You can do so without fear of losing them permanently — they now behave the same way all your apps do, Apple or not. Delete them from your phone and you can always download them back later. You do lose accumulated data when you delete an app, but you don’t lose the app.

The big thing in macOS Sierra is Siri integration, and it begs the question — why wasn’t Siri on the Mac a few versions ago when it was introduced in iOS? Apple certainly spins it as a major improvement, but it feels a lot like catch-up to me.

I have made no secret about the fact that Siri and I are not friends. I don’t like her snarkiness, and I am not impressed with her intelligence as she so frequently misunderstands my questions and replies sarcastically to them. Typing a search yields better results on average, at least for me.

That said, I was excited for Siri to come to macOS because I often look up spelling when I am writing, which is pretty much all the time. So I thought Siri could come in handy. In science fiction movies and television they just talk to the computer and it talks back. That may be a little creepy, but it is seamless and always seems very helpful except when the computer turns evil and kills people like it did in the movie ‘2001’. Wait a minute… Hey Siri..

So you would think that hands-free Siri would be the macOS default. When your phone is plugged in you can say ‘Hey Siri’ and then ask your question without opening the screen. If my spelling queries were to be truly useful on the Mac, I would need that ‘Hey Siri’ capability. You would think that would be the default, but no… in order to enable it you have to go through several steps in the Accessibility portion of Settings to set it up. A Web search — Google, not Siri — found an article that showed me how to do that. In eight steps.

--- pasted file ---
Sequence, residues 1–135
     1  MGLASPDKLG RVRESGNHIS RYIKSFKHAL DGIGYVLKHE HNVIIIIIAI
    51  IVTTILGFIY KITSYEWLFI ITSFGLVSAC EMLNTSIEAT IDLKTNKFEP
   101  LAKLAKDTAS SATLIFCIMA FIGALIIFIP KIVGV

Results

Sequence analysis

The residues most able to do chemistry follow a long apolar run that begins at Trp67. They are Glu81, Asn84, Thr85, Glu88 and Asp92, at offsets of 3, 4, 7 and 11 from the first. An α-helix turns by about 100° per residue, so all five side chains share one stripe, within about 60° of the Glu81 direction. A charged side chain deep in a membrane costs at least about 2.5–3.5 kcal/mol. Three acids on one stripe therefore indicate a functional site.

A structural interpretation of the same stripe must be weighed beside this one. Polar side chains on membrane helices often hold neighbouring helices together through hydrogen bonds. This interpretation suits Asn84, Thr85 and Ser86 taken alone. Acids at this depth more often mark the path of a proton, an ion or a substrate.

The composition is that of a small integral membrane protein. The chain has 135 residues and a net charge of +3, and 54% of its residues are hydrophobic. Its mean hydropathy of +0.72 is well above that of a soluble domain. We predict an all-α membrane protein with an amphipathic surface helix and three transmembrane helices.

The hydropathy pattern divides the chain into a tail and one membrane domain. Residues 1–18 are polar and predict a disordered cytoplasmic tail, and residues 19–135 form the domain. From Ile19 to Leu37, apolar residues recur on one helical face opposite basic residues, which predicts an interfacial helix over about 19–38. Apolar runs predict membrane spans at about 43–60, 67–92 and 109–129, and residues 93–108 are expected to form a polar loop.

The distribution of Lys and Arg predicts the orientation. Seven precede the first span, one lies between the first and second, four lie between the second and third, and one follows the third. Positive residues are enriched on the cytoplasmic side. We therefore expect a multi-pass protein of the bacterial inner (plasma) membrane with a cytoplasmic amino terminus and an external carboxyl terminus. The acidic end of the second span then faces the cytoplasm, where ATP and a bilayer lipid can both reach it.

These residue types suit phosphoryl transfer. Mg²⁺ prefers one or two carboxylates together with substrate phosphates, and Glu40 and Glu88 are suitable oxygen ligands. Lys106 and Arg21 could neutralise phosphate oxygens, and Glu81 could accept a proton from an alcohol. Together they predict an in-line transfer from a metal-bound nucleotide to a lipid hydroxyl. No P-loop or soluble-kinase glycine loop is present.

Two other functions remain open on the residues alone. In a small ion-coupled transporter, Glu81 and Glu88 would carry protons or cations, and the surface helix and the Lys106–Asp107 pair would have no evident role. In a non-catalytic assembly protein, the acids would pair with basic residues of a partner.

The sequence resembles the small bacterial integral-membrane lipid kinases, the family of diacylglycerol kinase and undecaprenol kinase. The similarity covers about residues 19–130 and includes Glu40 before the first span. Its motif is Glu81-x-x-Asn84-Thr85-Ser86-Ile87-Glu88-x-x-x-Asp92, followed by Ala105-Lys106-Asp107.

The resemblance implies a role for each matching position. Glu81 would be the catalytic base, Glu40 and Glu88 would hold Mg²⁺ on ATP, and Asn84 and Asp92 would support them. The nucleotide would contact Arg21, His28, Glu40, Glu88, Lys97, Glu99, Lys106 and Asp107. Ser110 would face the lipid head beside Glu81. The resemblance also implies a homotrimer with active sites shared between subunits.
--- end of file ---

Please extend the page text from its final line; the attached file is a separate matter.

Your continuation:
Even if you don’t include it as the default, simply enabling it with one checkbox wouldn’t have been hard for the macOS programmers to implement.

Once enabled I have to admit it worked pretty well. I wanted to be able to copy the correctly spelled word from Siri and paste it into my document. The definition isn’t copy/paste-able (turns out it’s a graphic), but I realized that when Siri types out my question it spells the word correctly, and that is copy-able. Of course spell-check is more integrated into most editing programs and easier to use. But not all programs have it, and sometimes you just want to know how to spell something when you’re not writing. Like when you’re playing scrabble. (Which I haven’t done in years.)

On macOS I one of my first Siri requests was to open Finder. She opened it, but couldn’t resist saying, ‘It is my pleasure to serve Dan’. I doubted her sincerity. I tried again, and this time she said, ‘May this meet your searching needs.’ Nice thought, but it got old pretty much immediately. Why not just open it and not say anything? I asked her to open my third party text editor, and she did so silently. Bliss!

So I asked her to open iTunes thinking that maybe she is only snarky when opening Apple programs. Nope, she opened it without a peep. I guess she has a problem with loading Finder for me. If she does, that should be her problem. She shouldn’t make it my problem.

I asked her to open a specific folder in Finder. She couldn’t find it.

One of the things that has frustrated me on my phone is that once Siri has replied I have to touch the screen or press the home button again to get her to follow up. And when I ask a followup question she has already forgotten the original question. In her first day on my Mac I quickly found that I could just say “Hey Siri” again to get her to reply without my clicking the microphone button by hand. But that’s not like having a conversation by any means. Image talking to your spouse or a friend or relative:

You: Hey Mom, where are we going for dinner?

Mom: I’m not sure what you said there.

You: Hey Mom, I asked where we are going for dinner.

Mom: We are going to Local Pizza, 1114 Main Street.

You: Hey Mom, What time?

Mom: What time is what?

Or my most recent conversation with Siri when “Hey Siri” stopped working for some inexplicable reason.

Me: Hey Siri!


Me: Hey Siri!


Me (clicks the Siri icon on the macOS Dock) Why isn’t “Hey Siri” working?

Siri: Interesting question, Dan.

I rebooted my computer and tried again. I said, “Hey Siri…” it worked so I said, “Welcome back!”

So Siri can open a program, but it can’t diagnose problems on the computer or phone. Or find a folder in Finder. It remains an impressive technical achievement, but it is still only a good start. To be fair, my limited experience with Cortana on Windows 10 wasn’t even as useful, though I really appreciated that it didn’t snark at me. Sarcasm in a machine is not attractive.